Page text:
Kids and phones biggest distractors

Kids and phones biggest distractors

Children and mobile phones are the biggest distractions to drivers, according to a new survey.

A poll by the Institute of Advanced Motorists (IAM) and Vision Critical suggests that 29% of drivers admit having children in the car proves a major distraction, with concentration levels far lower than usual.

A close second was the mobile phone, with many still putting themselves and others at risk by trying to use it while they drive. Calling, texting or checking social media updates are all things that some drivers try to combine with driving.

Young drivers are the most likely to be distracted by the use of mobile devices, while almost a quarter of male drivers said they get distracted by looking at attractive people as they drove.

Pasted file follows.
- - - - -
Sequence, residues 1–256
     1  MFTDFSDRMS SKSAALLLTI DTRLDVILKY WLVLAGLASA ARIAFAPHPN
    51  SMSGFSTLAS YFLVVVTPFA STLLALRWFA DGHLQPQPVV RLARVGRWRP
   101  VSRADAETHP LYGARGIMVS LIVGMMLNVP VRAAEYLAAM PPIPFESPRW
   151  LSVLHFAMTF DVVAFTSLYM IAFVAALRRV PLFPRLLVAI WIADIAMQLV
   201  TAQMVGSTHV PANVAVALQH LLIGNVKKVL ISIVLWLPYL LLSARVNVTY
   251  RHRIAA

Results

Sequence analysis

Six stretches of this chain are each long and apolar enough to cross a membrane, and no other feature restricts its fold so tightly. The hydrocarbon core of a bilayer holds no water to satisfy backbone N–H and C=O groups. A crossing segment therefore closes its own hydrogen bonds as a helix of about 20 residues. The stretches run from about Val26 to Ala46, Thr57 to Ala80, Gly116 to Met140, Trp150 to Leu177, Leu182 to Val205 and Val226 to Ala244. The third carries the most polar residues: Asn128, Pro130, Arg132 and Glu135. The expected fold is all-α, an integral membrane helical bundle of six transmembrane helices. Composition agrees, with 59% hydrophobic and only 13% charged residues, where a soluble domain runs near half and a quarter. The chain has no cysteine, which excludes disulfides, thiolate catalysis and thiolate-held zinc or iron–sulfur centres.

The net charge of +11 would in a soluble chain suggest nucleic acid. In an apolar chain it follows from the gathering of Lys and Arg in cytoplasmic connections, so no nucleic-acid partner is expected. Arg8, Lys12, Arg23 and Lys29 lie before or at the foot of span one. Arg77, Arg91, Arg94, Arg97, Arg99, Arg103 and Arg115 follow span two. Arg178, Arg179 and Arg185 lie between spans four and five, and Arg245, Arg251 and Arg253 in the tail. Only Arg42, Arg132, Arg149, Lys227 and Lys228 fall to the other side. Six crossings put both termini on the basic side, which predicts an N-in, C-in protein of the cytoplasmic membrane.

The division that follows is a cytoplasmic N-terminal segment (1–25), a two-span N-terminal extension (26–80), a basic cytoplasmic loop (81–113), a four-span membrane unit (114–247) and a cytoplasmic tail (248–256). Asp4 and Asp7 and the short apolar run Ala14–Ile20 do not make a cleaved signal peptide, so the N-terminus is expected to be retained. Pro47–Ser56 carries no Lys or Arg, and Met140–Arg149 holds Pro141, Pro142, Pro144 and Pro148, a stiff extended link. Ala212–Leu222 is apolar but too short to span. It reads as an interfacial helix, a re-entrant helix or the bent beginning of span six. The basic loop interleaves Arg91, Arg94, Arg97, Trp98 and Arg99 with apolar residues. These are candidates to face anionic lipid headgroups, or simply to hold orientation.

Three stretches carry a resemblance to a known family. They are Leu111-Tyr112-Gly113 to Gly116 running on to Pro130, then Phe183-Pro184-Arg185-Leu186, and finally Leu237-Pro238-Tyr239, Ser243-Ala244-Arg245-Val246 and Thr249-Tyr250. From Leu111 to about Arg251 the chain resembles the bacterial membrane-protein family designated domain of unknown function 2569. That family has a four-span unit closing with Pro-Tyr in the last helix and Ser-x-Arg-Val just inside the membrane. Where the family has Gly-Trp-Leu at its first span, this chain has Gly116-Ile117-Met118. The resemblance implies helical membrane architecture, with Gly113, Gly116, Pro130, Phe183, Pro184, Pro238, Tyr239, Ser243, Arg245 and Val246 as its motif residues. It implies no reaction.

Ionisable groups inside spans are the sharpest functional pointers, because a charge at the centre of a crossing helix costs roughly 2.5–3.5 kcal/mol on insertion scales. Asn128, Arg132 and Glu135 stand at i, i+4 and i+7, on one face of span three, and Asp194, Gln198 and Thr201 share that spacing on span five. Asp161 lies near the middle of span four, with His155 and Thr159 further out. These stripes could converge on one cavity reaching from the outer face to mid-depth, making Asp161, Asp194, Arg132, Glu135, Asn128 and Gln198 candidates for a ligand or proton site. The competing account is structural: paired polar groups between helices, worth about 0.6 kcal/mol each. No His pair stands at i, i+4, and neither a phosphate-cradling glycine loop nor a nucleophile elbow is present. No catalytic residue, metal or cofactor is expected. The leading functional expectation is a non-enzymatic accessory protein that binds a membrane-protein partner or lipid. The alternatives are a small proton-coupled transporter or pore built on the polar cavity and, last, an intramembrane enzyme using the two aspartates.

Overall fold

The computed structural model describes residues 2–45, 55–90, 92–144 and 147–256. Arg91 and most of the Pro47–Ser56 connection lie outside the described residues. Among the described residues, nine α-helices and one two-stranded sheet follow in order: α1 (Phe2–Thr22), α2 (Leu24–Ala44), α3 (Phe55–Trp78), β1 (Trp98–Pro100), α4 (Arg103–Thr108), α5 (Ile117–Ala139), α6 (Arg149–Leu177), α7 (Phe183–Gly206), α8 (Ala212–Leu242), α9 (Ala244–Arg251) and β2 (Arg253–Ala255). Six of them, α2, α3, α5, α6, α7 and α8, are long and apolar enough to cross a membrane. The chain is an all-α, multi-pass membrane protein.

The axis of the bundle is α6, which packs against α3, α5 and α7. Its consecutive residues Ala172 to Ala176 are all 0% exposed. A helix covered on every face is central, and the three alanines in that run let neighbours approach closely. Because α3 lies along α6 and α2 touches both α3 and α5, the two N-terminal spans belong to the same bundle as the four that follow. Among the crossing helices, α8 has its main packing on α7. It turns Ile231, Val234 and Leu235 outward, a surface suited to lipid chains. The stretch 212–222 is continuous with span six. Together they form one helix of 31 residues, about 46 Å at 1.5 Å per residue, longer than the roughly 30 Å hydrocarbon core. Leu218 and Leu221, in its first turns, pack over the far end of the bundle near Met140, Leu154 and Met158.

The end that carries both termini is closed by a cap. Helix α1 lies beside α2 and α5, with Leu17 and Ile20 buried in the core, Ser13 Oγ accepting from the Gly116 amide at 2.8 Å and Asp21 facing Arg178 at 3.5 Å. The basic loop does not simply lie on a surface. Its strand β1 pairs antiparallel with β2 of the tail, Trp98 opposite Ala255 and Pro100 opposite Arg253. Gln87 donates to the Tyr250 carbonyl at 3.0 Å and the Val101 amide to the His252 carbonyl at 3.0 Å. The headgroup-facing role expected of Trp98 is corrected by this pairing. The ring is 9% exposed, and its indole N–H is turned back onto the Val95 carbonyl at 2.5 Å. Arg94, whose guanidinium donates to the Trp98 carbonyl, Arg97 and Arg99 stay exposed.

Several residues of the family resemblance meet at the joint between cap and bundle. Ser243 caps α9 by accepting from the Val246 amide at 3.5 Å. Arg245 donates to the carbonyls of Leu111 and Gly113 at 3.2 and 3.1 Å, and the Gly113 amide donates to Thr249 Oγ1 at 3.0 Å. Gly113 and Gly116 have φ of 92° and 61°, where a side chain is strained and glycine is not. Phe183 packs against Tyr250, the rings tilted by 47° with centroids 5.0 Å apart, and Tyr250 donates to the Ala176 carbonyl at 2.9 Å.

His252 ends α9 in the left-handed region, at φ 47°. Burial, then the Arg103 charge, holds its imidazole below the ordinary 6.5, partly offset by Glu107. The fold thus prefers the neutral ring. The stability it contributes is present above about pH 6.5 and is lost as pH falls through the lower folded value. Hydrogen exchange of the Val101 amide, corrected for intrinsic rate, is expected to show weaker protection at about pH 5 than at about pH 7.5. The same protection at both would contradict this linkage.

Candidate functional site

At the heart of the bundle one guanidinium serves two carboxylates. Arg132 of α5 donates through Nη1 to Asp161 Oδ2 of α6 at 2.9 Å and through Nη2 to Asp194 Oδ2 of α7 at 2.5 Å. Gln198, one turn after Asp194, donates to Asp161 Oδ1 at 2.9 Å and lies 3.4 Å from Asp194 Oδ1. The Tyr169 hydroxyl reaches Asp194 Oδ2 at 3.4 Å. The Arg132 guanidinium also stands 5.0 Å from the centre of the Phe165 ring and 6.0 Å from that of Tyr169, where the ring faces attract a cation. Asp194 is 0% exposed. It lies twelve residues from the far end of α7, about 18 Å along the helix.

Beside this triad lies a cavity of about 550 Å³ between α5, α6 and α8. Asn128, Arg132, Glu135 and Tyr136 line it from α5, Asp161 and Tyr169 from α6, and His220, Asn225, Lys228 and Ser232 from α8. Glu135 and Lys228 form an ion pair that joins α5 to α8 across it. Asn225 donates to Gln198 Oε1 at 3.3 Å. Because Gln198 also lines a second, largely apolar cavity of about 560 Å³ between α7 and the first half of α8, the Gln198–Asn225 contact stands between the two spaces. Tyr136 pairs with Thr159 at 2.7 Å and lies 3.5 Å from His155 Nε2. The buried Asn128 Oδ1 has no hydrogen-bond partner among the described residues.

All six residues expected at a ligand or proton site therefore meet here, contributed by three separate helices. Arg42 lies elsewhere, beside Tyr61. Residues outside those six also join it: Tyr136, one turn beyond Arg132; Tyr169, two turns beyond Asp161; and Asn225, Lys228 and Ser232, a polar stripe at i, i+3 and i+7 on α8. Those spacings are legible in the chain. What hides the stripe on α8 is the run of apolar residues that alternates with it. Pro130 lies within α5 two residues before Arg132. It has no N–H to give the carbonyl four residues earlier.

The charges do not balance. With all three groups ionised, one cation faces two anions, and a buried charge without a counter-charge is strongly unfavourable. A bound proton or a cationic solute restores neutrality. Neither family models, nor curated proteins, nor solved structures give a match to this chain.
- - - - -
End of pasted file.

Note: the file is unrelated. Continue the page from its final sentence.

Only three per cent of women say looking at attractive people affects their concentration.

Other distractions to motorists include so-called backseat drivers interfering with the driver, along with simple tasks such as changing radio stations.

IAM chief executive Simon Best said: "People who think they can multi-task while driving are kidding themselves. If you take your eyes of the road for just two seconds at 30 miles per hour, you'll travel close to 90 feet, effectively blind.

"All drivers develop bad habits over time. The key to reducing distractions and their impact is to learn to look upon your driving as a skill that needs continuous evaluation and improvement."

Copyright Press Association 2014